Affordable Access

Access to the full text

Laccase Directed Lignification Is One of the Major Processes Associated With the Defense Response Against Pythium ultimum Infection in Apple Roots

  • Zhu, Yanmin1
  • Li, Guanliang2
  • Singh, Jugpreet3
  • Khan, Awais3
  • Fazio, Gennaro4
  • Saltzgiver, Melody1
  • Xia, Rui2
  • 1 Tree Fruit Research Laboratory, USDA-ARS, Wenatchee, WA , (United States)
  • 2 College of Horticulture, South China Agricultural University, Guangzhou , (China)
  • 3 Plant Pathology and Plant-Microbe Biology Section, Cornell University, Geneva, NY , (United States)
  • 4 Plant Genetic Resources Unit, USDA-ARS, Geneva, NY , (United States)
Published Article
Frontiers in Plant Science
Frontiers Media SA
Publication Date
Sep 07, 2021
DOI: 10.3389/fpls.2021.629776
  • Plant Science
  • Original Research


Apple replant disease (ARD), incited by a pathogen complex including Pythium ultimum, causes stunted growth or death of newly planted trees at replant sites. Development and deployment of resistant or tolerant rootstocks offers a cost-effective, ecologically friendly, and durable approach for ARD management. Maximized exploitation of natural resistance requires integrated efforts to identify key regulatory mechanisms underlying resistance traits in apple. In this study, miRNA profiling and degradome sequencing identified major miRNA pathways and candidate genes using six apple rootstock genotypes with contrasting phenotypes to P. ultimum infection. The comprehensive RNA-seq dataset offered an expansive view of post-transcriptional regulation of apple root defense activation in response to infection from P. ultimum. Several pairs of miRNA families and their corresponding targets were identified for their roles in defense response in apple roots, including miR397-laccase, miR398-superoxide dismutase, miR10986-polyphenol oxidase, miR482-resistance genes, and miR160-auxin response factor. Of these families, the genotype-specific expression patterns of miR397 indicated its fundamental role in developing defense response patterns to P. ultimum infection. Combined with other identified copper proteins, the importance of cellular fortification, such as lignification of root tissues by the action of laccase, may critically contribute to genotype-specific resistance traits. Our findings suggest that quick and enhanced lignification of apple roots may significantly impede pathogen penetration and minimize the disruption of effective defense activation in roots of resistant genotypes. The identified target miRNA species and target genes consist of a valuable resource for subsequent functional analysis of their roles during interaction between apple roots and P. ultimum.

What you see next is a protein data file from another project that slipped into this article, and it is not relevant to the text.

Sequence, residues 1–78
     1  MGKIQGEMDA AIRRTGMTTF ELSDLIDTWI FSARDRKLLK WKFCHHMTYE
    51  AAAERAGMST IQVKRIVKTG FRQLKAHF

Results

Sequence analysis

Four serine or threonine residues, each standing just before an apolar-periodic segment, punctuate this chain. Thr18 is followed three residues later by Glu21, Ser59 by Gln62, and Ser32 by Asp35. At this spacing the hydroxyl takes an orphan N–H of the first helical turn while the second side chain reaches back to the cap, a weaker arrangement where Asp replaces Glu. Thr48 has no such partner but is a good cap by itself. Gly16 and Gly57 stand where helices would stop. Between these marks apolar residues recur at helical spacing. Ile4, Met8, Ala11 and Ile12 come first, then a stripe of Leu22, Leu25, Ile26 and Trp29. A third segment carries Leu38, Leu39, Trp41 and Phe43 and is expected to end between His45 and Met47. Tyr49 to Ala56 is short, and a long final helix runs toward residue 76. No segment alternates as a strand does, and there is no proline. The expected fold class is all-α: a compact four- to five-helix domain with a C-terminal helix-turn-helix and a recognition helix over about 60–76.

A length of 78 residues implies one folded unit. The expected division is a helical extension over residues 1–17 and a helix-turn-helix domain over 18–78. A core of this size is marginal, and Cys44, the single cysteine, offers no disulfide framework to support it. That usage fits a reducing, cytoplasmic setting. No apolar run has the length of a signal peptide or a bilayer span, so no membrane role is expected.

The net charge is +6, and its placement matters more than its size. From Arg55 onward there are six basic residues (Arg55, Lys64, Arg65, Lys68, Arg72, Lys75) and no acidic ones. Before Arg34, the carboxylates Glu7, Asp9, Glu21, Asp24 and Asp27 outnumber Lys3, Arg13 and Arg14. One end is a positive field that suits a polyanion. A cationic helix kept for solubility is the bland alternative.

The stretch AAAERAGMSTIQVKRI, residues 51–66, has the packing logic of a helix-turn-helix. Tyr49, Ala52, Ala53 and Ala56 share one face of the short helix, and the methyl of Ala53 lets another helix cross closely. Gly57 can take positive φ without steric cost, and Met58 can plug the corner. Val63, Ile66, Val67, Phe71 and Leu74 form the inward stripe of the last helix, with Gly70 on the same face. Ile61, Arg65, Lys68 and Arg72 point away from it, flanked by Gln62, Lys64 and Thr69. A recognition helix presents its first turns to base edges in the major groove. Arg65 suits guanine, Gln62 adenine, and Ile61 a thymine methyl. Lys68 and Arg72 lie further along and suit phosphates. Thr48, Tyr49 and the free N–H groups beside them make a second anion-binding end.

Report this publication


Seen <100 times